The next night I danced at Massachusetts Institute of Technology, the next was English Country Dancing with the legendary Bare Necessities playing live (as they have done every week for 20 years), but this was all a warm up for Thursday night. At a hall called the VFW in Cambridge, up to 200 people turn up every week for contra dancing. It is quite a phenomenon, and they are mostly great dancers. Luckily Canberra dancer Pauline Allingham had warned me that they are merciless practitioners of eye contact, or I would have died swooning. Because everybody practises it, you feel totally comfortable, and it definitely adds to the high standard of dancing. The crowd was young relative to many dancing crowds, and the pace lively. Embellishments such as twirls (for males and females) were practised frequently and with great skill, and the band was fantastic. By early in the evening the friendly locals had worked out that I was a visitor from Australia, and I had several offers to participate in social functions, go to dances in other towns, and to a folk festival in Connecticut.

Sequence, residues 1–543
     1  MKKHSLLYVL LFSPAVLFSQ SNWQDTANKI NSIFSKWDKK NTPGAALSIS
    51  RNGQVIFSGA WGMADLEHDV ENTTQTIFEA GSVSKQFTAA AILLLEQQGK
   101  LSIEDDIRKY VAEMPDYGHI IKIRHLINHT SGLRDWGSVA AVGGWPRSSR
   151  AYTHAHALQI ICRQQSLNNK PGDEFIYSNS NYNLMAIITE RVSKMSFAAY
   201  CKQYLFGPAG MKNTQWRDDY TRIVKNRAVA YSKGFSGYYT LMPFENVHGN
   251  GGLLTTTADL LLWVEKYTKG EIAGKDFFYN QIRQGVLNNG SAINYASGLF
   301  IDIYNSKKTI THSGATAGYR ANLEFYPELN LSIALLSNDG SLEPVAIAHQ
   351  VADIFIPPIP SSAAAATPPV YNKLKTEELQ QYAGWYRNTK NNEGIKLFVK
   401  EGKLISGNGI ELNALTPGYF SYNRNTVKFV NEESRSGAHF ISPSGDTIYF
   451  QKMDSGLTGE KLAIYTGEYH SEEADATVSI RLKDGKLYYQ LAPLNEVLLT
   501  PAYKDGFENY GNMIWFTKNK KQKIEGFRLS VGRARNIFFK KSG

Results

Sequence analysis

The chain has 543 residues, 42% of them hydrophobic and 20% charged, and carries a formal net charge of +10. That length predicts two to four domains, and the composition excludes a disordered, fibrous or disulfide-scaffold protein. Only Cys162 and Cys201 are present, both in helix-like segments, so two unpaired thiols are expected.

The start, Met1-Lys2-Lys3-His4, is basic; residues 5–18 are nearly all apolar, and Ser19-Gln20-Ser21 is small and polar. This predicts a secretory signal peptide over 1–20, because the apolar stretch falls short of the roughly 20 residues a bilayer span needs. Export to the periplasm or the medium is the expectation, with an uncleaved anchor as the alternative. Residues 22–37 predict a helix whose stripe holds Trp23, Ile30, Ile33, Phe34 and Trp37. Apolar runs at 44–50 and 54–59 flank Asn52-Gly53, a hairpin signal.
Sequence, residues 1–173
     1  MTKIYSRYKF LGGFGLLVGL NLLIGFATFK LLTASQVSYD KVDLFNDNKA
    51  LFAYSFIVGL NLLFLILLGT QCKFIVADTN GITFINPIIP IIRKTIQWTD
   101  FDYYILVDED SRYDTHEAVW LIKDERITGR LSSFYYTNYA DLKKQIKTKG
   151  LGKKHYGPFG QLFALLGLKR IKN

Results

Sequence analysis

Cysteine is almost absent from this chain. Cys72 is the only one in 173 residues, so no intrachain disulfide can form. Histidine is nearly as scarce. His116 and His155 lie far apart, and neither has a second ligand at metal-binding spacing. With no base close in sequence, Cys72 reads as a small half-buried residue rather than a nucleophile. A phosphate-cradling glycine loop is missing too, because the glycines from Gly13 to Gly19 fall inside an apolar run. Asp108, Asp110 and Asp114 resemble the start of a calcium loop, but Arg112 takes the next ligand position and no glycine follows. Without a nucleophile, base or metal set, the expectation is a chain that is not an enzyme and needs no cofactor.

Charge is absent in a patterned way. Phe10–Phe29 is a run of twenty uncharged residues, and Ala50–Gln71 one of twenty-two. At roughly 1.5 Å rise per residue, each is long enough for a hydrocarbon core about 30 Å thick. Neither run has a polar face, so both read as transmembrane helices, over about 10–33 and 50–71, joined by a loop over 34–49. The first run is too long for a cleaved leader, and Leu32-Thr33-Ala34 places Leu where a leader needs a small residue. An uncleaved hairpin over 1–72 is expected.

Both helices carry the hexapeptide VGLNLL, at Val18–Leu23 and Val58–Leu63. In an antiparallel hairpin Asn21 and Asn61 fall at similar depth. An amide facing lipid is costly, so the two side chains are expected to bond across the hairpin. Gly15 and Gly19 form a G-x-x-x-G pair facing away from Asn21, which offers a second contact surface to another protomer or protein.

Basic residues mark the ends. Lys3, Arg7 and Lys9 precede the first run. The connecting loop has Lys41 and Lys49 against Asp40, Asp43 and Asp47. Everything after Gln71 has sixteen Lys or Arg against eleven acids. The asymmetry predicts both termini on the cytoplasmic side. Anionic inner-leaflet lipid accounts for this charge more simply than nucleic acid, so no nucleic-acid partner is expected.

Guiding Star Grange: the epicentre of contra dancing.

So on Friday I was taken to Greenfield, two hours west of Boston, to what I have seen described as the epicentre of contra dancing. The beautiful historic Guiding Star Grange Hall is the hub of activity, and as far as I can see the twice weekly dances (Friday and Saturday nights – with about 200 people turning up to each!) are largely the work of David Kaynor, the Greenfield Dance Band, and a consortium of other callers, musicians and bands. David Kaynor does such beautiful posters for the dances, with hand-drawn scenes of New England architecture, that you would go to the dances on that strength alone.